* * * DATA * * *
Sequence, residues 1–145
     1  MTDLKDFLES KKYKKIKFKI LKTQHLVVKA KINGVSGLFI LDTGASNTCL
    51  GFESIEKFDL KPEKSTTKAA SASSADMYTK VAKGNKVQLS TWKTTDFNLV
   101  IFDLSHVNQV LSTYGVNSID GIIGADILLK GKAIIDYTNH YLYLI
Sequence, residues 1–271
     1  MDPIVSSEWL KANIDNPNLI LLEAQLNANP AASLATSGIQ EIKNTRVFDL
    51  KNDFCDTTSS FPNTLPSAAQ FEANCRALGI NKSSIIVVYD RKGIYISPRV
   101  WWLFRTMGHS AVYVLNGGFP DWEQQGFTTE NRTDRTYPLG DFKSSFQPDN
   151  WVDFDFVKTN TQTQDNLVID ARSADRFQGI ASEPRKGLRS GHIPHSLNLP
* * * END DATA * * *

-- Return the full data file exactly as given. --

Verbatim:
Sequence, residues 1–145
     1  MTDLKDFLES KKYKKIKFKI LKTQHLVVKA KINGVSGLFI LDTGASNTCL
    51  GFESIEKFDL KPEKSTTKAA SASSADMYTK VAKGNKVQLS TWKTTDFNLV
   101  IFDLSHVNQV LSTYGVNSID GIIGADILLK GKAIIDYTNH YLYLI
Sequence, residues 1–271
     1  MDPIVSSEWL KANIDNPNLI LLEAQLNANP AASLATSGIQ EIKNTRVFDL
    51  KNDFCDTTSS FPNTLPSAAQ FEANCRALGI NKSSIIVVYD RKGIYISPRV
   101  WWLFRTMGHS AVYVLNGGFP DWEQQGFTTE NRTDRTYPLG DFKSSFQPDN
   151  WVDFDFVKTN TQTQDNLVID ARSADRFQGI ASEPRKGLRS GHIPHSLNLP